16. I have even good reason to remain satisfied on the ground that, if he has not given me the perfection of being superior to error by the first means I have pointed out above, which depends on a clear and evident knowledge of all the matters regarding which I can deliberate, he has at least left in my power the other means, which is, firmly to retain the resolution never to judge where the truth is not clearly known to me: for, although I am conscious of the weakness of not being able to keep my mind continually fixed on the same thought, I can nevertheless, by attentive and oft-repeated meditation, impress it so strongly on my memory that I shall never fail to recollect it as often as I require it, and I can acquire in this way the habitude of not erring.

17. And since it is in being superior to error that the highest and chief perfection of man consists, I deem that I have not gained little by this day’s meditation, in having discovered the source of error and falsity. And certainly this can be no other than what I have now explained: for as often as I so restrain my will within the limits of my knowledge, that it forms no judgment except regarding objects which are clearly and distinctly represented to it by the understanding, I can never be deceived; because every clear and distinct conception is doubtless something, and as such cannot owe its origin to nothing, but must of necessity have God for its author– God, I say, who, as supremely perfect, cannot, without a contradiction, be the cause of any error; and consequently it is necessary to conclude that every such conception or judgment is true. Nor have I merely learned to-day what I must avoid to escape error, but also what I must do to arrive at the knowledge of truth; for I will assuredly reach truth if I only fix my attention sufficiently on all the things I conceive perfectly, and separate these from others which I conceive more confusedly and obscurely; to which for the future I shall give diligent heed.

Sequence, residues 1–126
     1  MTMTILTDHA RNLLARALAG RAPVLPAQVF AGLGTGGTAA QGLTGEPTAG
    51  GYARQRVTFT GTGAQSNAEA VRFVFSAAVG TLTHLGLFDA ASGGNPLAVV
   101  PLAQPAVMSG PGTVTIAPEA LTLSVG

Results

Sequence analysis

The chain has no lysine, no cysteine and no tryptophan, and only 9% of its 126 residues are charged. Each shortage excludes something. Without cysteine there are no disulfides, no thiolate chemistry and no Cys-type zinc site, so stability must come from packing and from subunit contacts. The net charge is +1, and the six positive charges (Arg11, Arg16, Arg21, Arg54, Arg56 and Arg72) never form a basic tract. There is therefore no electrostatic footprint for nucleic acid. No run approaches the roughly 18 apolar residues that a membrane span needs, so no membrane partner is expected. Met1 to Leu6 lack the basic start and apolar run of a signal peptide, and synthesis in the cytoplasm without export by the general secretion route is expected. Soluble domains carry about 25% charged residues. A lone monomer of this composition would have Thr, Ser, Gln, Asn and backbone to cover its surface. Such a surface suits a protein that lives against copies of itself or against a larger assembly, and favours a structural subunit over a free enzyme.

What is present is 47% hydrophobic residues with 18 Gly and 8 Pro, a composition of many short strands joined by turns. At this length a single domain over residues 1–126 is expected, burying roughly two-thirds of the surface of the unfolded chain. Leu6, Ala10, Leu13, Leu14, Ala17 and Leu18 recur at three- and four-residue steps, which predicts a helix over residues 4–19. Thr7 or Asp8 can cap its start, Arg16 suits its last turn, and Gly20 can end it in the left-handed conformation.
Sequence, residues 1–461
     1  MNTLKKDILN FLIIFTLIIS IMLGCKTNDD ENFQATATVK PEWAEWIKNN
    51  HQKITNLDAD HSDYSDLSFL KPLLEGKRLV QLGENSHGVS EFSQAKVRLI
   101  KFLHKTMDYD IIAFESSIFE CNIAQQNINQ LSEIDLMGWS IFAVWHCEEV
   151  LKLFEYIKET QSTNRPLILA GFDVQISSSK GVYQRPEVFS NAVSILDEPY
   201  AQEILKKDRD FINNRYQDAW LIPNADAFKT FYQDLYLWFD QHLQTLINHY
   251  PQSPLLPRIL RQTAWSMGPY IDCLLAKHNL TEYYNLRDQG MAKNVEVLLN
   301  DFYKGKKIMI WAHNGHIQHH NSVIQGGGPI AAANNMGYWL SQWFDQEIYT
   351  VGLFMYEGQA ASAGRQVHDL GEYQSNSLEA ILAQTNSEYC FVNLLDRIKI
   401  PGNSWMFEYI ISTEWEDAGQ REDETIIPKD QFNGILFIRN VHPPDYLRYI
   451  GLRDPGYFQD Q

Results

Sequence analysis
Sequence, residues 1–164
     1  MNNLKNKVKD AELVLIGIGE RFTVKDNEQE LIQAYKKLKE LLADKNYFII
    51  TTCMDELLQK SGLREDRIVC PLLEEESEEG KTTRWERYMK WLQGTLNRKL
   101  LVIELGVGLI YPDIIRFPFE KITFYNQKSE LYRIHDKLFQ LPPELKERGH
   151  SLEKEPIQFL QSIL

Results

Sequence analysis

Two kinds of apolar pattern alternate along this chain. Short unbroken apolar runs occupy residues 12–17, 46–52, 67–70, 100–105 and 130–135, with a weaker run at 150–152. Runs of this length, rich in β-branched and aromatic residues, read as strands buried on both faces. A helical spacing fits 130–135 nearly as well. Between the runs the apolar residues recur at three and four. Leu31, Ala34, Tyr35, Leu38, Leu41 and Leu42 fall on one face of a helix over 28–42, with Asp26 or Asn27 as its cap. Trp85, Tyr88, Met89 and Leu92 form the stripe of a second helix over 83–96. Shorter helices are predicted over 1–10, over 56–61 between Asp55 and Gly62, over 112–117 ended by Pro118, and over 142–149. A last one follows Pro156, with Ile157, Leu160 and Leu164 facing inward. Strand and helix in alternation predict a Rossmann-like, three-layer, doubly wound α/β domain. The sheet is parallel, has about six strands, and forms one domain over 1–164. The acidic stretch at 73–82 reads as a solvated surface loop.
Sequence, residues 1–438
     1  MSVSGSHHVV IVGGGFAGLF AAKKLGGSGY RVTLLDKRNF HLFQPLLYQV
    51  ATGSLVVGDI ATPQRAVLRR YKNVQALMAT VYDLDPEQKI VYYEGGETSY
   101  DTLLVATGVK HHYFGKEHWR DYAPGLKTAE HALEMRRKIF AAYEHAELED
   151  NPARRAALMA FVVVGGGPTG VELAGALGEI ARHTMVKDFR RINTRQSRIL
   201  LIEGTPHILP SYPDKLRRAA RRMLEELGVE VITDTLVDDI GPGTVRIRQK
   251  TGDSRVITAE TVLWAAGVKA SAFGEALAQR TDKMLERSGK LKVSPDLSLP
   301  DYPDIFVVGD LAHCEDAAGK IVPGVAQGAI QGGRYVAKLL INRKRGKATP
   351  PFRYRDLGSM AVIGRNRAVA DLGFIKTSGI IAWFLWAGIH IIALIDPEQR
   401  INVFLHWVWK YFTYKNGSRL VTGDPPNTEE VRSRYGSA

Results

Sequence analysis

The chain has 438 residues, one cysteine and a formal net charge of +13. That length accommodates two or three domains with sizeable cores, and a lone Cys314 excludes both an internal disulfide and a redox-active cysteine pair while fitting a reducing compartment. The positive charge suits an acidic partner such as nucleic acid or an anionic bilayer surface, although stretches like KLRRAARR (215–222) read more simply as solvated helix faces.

MEDITATION V
OF THE ESSENCE OF MATERIAL THINGS; AND, AGAIN, OF GOD; THAT HE EXISTS

1. SEVERAL other questions remain for consideration respecting the attributes of God and my own nature or mind. I will, however, on some other occasion perhaps resume the investigation of these. Meanwhile, as I have discovered what must be done and what avoided to arrive at the knowledge of truth, what I have chiefly to do is to essay to emerge from the state of doubt in which I have for some time been, and to discover whether anything can be known with certainty regarding material objects.

2. But before considering whether such objects as I conceive exist without me, I must examine their ideas in so far as these are to be found in my consciousness, and discover which of them are distinct and which confused.